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Clinical data
Trade namesArterolo, Atheran, Colesterel, Iposclerone, Liprotene, Persclerol
Other namesSC-8246; 16α-Chloroestrone 3-methyl ether; 16α-Chloro-3-methoxyestra-1,3,5(10)-trien-17-one
Routes of
By mouth
Drug classEstrogen; Estrogen ether
CAS Number
PubChem CID
CompTox Dashboard (EPA)
ECHA InfoCard100.021.669 Edit this at Wikidata
Chemical and physical data
Molar mass318.84 g·mol−1
3D model (JSmol)

Clomestrone (brand names Arterolo, Atheran, Colesterel, Iposclerone, Liprotene, Persclerol, others; former developmental code name SC-8246), also known as 16α-chloroestrone 3-methyl ether, is a synthetic, steroidal, weak estrogen derived from estrone and used as an anticholesterolemic agent in the treatment of atherosclerosis.[1][2] It is said to have beneficial effects on serum lipid profiles while producing minimal feminization, though some estrogenic side effects, including breast tenderness, loss of libido, and fatigue or avolition, were observed in most patients in clinical studies.[3][4] The drug is a close analogue of mytatrienediol, and the two estrogens have similar drug profiles.[5] Clomestrone was described in the literature in 1958 and introduced for medical use shortly thereafter.[1]

See also[edit]


  1. ^ a b J. Elks (14 November 2014). The Dictionary of Drugs: Chemical Data: Chemical Data, Structures and Bibliographies. Springer. pp. 297–298. ISBN 978-1-4757-2085-3.
  2. ^ Gregory Pincus (22 October 2013). Hormones and Atherosclerosis: Proceedings of the Conference Held in Brighton, Utah, March 11-14, 1958. Elsevier Science. pp. 253–374. ISBN 978-1-4832-7064-7.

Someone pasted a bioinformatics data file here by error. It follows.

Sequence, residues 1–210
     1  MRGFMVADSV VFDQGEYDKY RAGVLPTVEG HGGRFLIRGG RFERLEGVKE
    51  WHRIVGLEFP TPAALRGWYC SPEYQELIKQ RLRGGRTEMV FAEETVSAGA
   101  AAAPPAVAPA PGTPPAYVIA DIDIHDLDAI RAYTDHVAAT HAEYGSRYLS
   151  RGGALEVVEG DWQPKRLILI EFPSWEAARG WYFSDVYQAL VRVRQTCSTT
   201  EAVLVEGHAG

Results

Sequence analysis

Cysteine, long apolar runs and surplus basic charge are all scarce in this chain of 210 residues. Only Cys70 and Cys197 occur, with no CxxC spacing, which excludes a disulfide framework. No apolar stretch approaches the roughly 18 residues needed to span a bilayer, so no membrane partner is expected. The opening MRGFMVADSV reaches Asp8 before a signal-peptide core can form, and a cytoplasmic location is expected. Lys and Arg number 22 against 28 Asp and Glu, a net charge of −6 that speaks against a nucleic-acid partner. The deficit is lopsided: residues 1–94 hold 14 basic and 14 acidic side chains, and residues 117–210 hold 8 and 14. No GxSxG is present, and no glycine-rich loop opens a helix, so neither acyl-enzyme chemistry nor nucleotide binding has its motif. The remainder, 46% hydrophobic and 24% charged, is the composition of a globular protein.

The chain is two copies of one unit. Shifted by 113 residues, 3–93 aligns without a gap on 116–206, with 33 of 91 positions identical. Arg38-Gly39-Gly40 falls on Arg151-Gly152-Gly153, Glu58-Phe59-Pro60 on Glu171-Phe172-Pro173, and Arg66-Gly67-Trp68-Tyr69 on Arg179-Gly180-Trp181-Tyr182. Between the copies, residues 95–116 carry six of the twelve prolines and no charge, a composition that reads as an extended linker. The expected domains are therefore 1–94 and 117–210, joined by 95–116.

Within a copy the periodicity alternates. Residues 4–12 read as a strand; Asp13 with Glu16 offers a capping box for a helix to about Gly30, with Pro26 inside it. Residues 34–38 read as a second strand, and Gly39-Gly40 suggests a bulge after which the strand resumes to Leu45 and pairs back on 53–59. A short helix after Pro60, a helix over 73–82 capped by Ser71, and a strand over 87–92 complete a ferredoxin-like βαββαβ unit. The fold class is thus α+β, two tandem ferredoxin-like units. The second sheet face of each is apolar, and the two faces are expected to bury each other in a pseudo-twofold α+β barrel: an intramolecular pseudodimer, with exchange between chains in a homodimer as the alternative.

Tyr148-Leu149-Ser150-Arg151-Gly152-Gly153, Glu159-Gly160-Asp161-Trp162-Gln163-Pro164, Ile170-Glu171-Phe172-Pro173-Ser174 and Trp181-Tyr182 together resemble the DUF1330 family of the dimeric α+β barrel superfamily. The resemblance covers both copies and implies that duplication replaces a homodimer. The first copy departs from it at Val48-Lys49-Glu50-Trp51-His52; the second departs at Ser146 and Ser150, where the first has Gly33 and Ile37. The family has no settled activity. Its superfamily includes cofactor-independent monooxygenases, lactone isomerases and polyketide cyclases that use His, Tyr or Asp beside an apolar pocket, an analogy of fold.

3. ^ RIVIN AU (1959). "SC 8246, a new estrogen analog: lipoprotein effects with minimal feminization". Metab. Clin. Exp. 8: 704–8. PMID 14437693. SC-8246 (16-alpha chlorestrone 3-methyl ether) was administered for periods of six to twelve months to 20 male survivors of acute myocardial infarction ranging in age from 30 to 63 years. A significant decrease in serum cholesterol concentration occurred in only 6 of 13 patients with an initial cholesterol level above 250 mg. per 100 ml., and there was no change in the other 7. Of 7 initial cholesterol levels below 250 mg. per 100 ml., no level decreased, 3 increased, and 4 were unchanged. In 9 of 11 patients with an initial alpha:beta lipoprotein ratio of less than 20 per cent, a significant increase occurred, but no change in the other 2. Among 9 subjects with a ratio initially above 20 per cent, a further increase occurred in 8 while taking the drug. This estrogen appeared to have an advantage in terms of lessening side-effects. Mild breast tenderness or gynecomastia occurred in 15 of the 17 patients with a "favorable" lipoprotein change. When the dosage was reduced to 5 mg. daily or every other day, the lipoprotein effect in 8 of them could be sustained while the breast changes disappeared. Libido disappeared from 2 patients and was diminished in 1 other. Other side-effects were nausea in 1 patient, loss of ambition in 5, and itching or dryness of the skin in 4.
  4. ^ WINSOR T, FISHER EK, PAYNE JH (1959). "A method for the study of peripheral arteriosclerosis". J Am Geriatr Soc. 7 (2): 167–74. doi:10.1111/j.1532-5415.1959.tb01062.x. PMID 13630690.
  5. ^ Cancer Chemotherapy Abstracts. Information Resources Press. January 1960. p. 143.